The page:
First, I just felt really, really embarrassed and terrible. ... Hardly anyone gets kicked out of a cult, because I guess they want you to stay. Like, they're never like, "You're bad — leave." They're like, "You're bad, get in the bad closet. You have to make the salad dressing for everybody for three weeks!" But suddenly I just couldn't imagine anything worse than getting fired. And then I just thought: I have to keep going. And no one can ever take away the dream.

And nothing will ever dim the lights of that experience, which was like: getting the job, leaving 30 Rock, calling my parents and saying "I am going to be on Saturday Night Live"? That is what it is. It's such a beautiful achievement. And it's real and I did it. But it's also the same as thinking you really met your soulmate, and going on the fourth date, and being like, "Did they just say 'li-bary'"? ... Get over it, it's not a match. ...

But what had also happened at the time, and what always happens, is that: Until I eventually croak, I will not die. I truly will not lie down. And you can be kicked out of a place; I definitely believe that. But I also believe the opportunity to find self-love and creative fulfillment is not a hallway with one door guarded by a super-old man. Actually, it's spherical, and you just have to hold it between your legs. Just look down, find your opportunity.

On "Marcel the Shell with Shoes On"

First of all, it allowed me to be sweet and melancholy at once – and to understand one of the things that is essential in my belief as a performer, which is that sorrow is not the same as pessimism, and that you can feel sadness and still be an optimist and not be worried that that's being wrung out. ... And also, doing Marcel, for me, was like, "No, I can still be really strong at comedy, but I don't really want to compromise on sweetness." Like, I just don't think it's for wimps. I actually think it's for the strong.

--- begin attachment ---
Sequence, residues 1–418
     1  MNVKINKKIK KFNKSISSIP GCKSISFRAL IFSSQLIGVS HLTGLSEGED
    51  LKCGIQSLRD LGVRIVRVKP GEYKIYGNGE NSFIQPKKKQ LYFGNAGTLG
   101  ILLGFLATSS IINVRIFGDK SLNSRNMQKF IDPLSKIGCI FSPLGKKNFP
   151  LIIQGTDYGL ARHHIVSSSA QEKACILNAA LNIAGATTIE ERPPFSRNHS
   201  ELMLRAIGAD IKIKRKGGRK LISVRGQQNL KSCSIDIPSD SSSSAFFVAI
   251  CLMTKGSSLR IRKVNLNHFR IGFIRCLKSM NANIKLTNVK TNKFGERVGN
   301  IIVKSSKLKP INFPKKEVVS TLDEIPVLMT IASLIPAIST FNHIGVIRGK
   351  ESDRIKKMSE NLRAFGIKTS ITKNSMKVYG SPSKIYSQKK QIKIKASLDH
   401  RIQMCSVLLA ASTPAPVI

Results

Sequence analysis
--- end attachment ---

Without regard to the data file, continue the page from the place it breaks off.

On if she's found her voice in comedy

Yes, I do feel like that. I do. ... I really feel that something that started with "Marcel the Shell," which was drawing close sweetness, and understanding that smallness doesn't necessarily mean that you suffer from essential diminishment. Starting to gather things that can be held at once was really important. But then writing this book — first, I meant to write something else, and then I started to write things to soothe myself, and I started to like to read my reading to myself. And I just — you know, especially on the Internet, there's so much snark and posturing and posturing at joy and fabricated joy or people taking pictures of themselves in mid-laugh and stuff and really putting that there like, "I'm just happiness in action, there's nothing else going on for me! I promise! No stress!" I was reacting to that a little bit, to just feeling like I want to tell the truth. And the truth about me is not that I'm really volatile and I'm unstable, but that I'm really vibrant, and the color of my sorrow is just as bright as the stripes of my delight.

And I started to really find words that I loved, and now they won't go away. And I also noticed that in writing, I really enjoyed the odd pairing that occurs when you are trying to employ alliteration. And that my writing — at least to me without being juvenile — had all the tricks of a limerick, without being, like, "stupid little so-and-so fell into a shoe" or whatever ... I guess there is [poetry in my writing]. I didn't do it on purpose, but I think there is.

Christina Cala, Bilal Qureshi, Joanna Pawlowska and Emily Kopp produced and edited this interview for broadcast. Patrick Jarenwattananon adapted it for the Web.

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Over two decades of journalism, Audie Cornish has become a recognized and trusted voice on the airwaves as co-host of NPR's flagship news program, All Things Considered.